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Young Carers

Sandra has been involved in work with young carers for some time. I asked her to tell us a bit more about the work she does. What is the definition of a young carer?

A young carer is any child or young person under the age of eighteen years whose life is restricted by the emotional or physical dependence or care of another family member.

This is a broad definition and includes young people who are caring for a parent, a brother or sister, a grandparent or other family member. They may be the main carer or be providing support to the main carer.

Can you give a couple of examples of situations young carers have been in?

I knew of a six-year-old boy, living with his father who suffered from severe mental health issues, and who is on strong medication that knocks him out. There is no mum in the family. His dad takes the medication at night believing that whilst his son is asleep there is no problem if he is unconscious. But the danger is, of course, that there could be an emergency like a fire. His dad needs the boy’s help just to get through the day. The child gets himself up each morning, may eat breakfast, gets ready for school and has to cross a very busy road to wait for the bus. He comes home again and has to cross the busy road to his house. His dad would be at home in whatever state of consciousness. They may try and cook something to eat together. He would go outside sometimes and play on his bike with a friend then go indoors and help dad get ready for bed first before going to bed himself.

I also worked with a family with five children; their mum had a brain tumour. There was no dad. The mum was totally incapable of doing anything to care for her children. The eldest daughter had been ‘being mum’ to the others for a few years before we knew of them. The children tried to help out to keep the family together but it was hard, as the two youngest didn’t really understand what was going on. They went on a summer holiday knowing it would be the last holiday their mum would manage. She died whilst they were away.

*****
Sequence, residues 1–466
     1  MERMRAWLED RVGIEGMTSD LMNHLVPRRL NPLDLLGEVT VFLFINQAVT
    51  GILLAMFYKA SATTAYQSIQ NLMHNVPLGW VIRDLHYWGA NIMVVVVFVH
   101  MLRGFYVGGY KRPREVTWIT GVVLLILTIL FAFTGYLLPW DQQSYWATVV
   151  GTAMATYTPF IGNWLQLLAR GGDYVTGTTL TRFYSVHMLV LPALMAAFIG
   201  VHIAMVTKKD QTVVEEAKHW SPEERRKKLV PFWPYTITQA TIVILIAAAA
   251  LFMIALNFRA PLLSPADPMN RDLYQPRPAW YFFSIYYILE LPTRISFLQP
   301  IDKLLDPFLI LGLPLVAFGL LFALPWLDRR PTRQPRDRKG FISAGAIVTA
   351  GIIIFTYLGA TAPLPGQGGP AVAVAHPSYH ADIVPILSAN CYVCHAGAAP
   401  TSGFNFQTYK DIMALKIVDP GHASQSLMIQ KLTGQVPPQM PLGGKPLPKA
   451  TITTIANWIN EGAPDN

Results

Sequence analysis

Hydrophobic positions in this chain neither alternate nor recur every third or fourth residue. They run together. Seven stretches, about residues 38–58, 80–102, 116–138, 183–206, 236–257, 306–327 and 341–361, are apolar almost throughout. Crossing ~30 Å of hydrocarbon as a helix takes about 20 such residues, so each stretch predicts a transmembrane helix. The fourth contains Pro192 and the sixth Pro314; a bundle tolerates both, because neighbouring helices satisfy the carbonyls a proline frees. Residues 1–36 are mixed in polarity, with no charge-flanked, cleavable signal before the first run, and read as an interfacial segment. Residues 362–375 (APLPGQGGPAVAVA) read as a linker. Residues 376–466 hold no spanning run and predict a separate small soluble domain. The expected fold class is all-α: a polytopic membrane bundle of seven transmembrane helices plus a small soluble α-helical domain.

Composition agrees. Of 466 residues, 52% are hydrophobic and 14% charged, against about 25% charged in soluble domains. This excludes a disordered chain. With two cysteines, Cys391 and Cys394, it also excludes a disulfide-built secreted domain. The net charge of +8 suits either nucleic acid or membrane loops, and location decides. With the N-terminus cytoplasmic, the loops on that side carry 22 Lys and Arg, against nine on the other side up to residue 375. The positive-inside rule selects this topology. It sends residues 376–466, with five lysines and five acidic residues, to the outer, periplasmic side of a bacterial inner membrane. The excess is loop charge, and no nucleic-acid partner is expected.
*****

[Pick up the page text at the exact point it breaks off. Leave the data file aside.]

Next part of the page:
Which charity did you work for and how did you become involved?

The charity I worked for was South and Vale Carers Centre (Young Carers Project) I was attending a local college doing nursing, with a view to going to university. A Christian friend (who was a social worker) passed me a job description and said she thought I might be interested. I walked into college on the Monday morning, quit my course and applied for the job. Thankfully I got the job where I developed a deep desire to work with young carers and did so for four years until I moved north.

What did your job entail?

For many young carers just having someone to talk to may be all the help they need. Others may have quite complex needs and may require help to arrange support. The project will work with the family to ensure that as many support systems are in place as possible to provide carefree time for the young carer. With a young carer we would enable them to communicate their situation to other agencies and to provide emotional support. We provide one to one support in or out of school. We would also back up anything the school was doing to help the young carer. We also work with groups, enabling kids to have carefree time by organising trips and fun clubs. My role evolved to include being a Development Project Worker: My job was to visit primary and secondary schools (there were two hundred on the books in all of Oxfordshire) and talk to the head teacher, the heads of year and anyone else working with young people. I also worked alongside other organisations working within secondary schools as well as with health visitors, doctors, charities, and the media all to raise the awareness about young carers.